America's most expensive weapons system ever just hit another snag

F_35_in_flight

Lockheed Martin

America’s most expensive weapons system ever just hit another snag.

The F-35 Lightning II, Lockheed Martin’s fifth-generation fighter jet, is expected to miss a crucial deadline for successfully deploying its sixth and final software release, referred to as Block 3F.

Block 3F is part of the 8 million lines of sophisticated software code that underpin the F-35.

In short, if the code fails, the F-35 fails.

f35-final-finishes

Lockheed Martin

The latest setback for the F-35 stems from a 48-page December 11 report from Michael Gilmore, the Pentagon’s top weapons tester.

According to Gilmore, the stealth fighter won’t be ready by its July 2017 deadline.

As first reported by Aviation Week, the DoD report says “the rate of deficiency correction has not kept pace with the discovery rate,” meaning more problems than solutions are arising from the F-35 program.

“Examples of well-known significant problems include the immaturity of the Autonomic Logistics Information System (aka the IT backbone of the F-35), Block 3F avionics instability, and several reliability and maintainability problems with the aircraft and engine.”

F_35_air_force

US Air Force

One recommendation Gilmore gives for the F-35’s latest woes is to triple the frequency of weapons-delivery-accuracy tests, which are executed once a month.

Adding more tests to the troubled warplane will most likely add to the cost overruns and schedule delays, but Gilmore says decreasing testing to meet deadlines will put “readiness for operational testing and employment in combat at significant risk.”

According to the DoD report, the Block 3F software testing began in March, 11 months later than the planned date.

F_35s_in_flight

US Air Force

The nearly $400 billion weapons program was developed in 2001 to replace the US military’s F-15, F-16,and F-18 aircraft.

Lockheed Martin’s “jack-of-all-trades” F-35s were developed to dogfight, provide close air support, execute long-range bombing attacks, and take off from and land on aircraft carriers — all the while using the most advanced stealth capabilities available.

Adding to the complexity, Lockheed Martin agreed to design and manufacture three variant F-35s for different sister service branches.

The Air Force has the agile F-35A; the F-35B can take off and land without a runway, ideal for the amphibious Marine Corps; and the F-35C is meant to serve on the Navy’s aircraft carriers.

F_35s

Lockheed Martin

Despite the Block 3F software setback, the Marine Corps last year declared an initial squadron of F-35s ready for combat, making it the first service branch to do so.

The standard for readiness the Marines used, referred to as initial operational capability, is determined separately by each service branch when the aircraft has successfully demonstrated various capabilities.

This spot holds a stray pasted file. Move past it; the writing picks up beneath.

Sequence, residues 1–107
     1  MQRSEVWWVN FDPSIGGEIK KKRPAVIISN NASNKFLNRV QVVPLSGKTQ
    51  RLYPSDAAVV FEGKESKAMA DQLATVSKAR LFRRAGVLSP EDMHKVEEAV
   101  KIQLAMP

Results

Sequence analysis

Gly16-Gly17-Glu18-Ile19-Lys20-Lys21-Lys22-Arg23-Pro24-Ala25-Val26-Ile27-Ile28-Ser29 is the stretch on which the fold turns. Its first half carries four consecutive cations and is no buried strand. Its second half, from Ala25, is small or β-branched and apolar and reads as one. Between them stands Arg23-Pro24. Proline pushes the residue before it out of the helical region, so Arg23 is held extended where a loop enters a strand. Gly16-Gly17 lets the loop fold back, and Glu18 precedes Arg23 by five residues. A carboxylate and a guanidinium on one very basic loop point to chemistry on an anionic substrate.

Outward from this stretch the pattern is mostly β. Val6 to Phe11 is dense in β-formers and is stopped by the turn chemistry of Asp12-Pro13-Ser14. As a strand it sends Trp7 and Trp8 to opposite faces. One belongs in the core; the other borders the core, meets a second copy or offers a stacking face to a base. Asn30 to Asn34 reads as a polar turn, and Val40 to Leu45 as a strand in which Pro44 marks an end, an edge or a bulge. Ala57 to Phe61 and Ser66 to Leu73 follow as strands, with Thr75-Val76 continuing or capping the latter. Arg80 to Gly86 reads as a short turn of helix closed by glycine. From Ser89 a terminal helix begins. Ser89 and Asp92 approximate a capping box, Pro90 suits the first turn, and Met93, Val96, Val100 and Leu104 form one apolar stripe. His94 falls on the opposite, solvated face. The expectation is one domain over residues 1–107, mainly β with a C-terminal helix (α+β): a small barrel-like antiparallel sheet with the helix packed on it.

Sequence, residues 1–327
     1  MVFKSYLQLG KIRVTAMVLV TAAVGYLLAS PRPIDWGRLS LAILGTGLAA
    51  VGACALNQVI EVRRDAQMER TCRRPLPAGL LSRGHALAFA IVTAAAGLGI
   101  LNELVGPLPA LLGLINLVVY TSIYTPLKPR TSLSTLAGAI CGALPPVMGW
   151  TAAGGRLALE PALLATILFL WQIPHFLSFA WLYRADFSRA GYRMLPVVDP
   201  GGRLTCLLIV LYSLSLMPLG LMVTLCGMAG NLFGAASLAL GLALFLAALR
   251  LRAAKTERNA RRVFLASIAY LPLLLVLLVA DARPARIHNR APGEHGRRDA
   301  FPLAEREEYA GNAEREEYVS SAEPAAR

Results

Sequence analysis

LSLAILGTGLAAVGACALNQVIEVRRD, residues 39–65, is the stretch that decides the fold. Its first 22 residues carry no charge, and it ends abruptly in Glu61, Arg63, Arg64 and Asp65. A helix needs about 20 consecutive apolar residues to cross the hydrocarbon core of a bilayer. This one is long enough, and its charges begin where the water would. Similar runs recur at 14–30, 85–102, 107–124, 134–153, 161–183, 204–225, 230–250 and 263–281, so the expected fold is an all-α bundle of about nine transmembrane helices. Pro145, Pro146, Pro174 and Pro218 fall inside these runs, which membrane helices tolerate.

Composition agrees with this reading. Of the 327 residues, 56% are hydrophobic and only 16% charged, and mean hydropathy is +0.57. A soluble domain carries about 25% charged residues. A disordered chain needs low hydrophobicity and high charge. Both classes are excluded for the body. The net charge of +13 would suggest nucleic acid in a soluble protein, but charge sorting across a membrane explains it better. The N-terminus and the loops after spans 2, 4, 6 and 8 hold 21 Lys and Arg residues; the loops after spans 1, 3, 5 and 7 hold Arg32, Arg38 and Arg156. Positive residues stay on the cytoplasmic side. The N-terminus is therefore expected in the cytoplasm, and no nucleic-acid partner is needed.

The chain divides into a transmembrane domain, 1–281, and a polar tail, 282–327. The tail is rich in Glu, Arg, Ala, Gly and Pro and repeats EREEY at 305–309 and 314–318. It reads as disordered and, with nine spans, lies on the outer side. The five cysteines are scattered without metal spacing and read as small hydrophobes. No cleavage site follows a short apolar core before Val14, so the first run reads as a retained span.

IOCs are announced prematurely, however, in that all tests and upgrades to the aircraft, such as the Block 3F software update, have not necessarily been completed.

Still, Gen. Joseph Dunford, then the commandant of the Marine Corps, in July declared initial operational capability for 10 F-35B fighter jets.

The Air Force is expected to declare IOC for its F-35As later this year, and the Navy plans to announce IOC for the F-35Cs in 2018.

Even so, America’s most expensive warplane’s turbulent march to combat readiness is far from over.

once-an-f-35-is-ready-to-leave-the-production-line-it-is-carefully-rolled-

Lockheed Martin

Here’s the full report from the Department of Defense

TOP ARTICLES
Why the 'Butcher of Bosnia' faces a life sentence for war crimes

Ratko Mladic, a former Serbian general, will receive a verdict from the International Criminal Tribunal for war crimes he committed, to include genocide.

Russia swears a cloud of radioactive pollution is not a nuclear accident

A radioactive cloud is moving over parts of Europe, seemingly coming from Russia, reminiscent of the Chernobyl nuclear-power-plant disaster in 1986.

Taliban drug labs targeted by B-52 strikes overnight

American aircraft have targeted drug producing facilities in Afghanistan for the first time under a new strategy aimed at cutting off Taliban funding.

Why South Korea is building a unique missile interceptor

A missile system that could be used to target North Korea Scuds will cost Seoul more than $800 million to develop, a Seoul defense committee said.

SEALs honor the man who made the ‘frogmen’ possible

Last week, at the Omni Shoreham Hotel, a crowd gathered to commemorate the fateful event that gave rise to what would become the US Navy SEALs.

The 50 most violent cities in the world

Of the fifty cities on the list, forty-three are in Latin America, including nineteen in Brazil, eight in Mexico, and seven in Venezuela.

How the true story of Thanksgiving ended in a war

Just a generation after the famed Thanksgiving feast shared between pilgrims and Native Americans, the two groups were engaged in bloody battles.

The wounded North Korean defector is infected by an unknown parasite

The North Korean defector shot by his fellow soldiers has been found to be riddled with parasites his South Korean doctors have never seen.

North Korea's emerging free market threatens to topple the regime

Kim Jong Un's regime of dictatorship continues to be threatened as North Korea advances into the free market. Capitalism could be hero here.

This is the light attack aircraft the Saudis might buy

The Textron Scorpion's production-ready version will be at the Dubai Air Show, and the plane could end up being purchased by the Royal Saudi Air Force.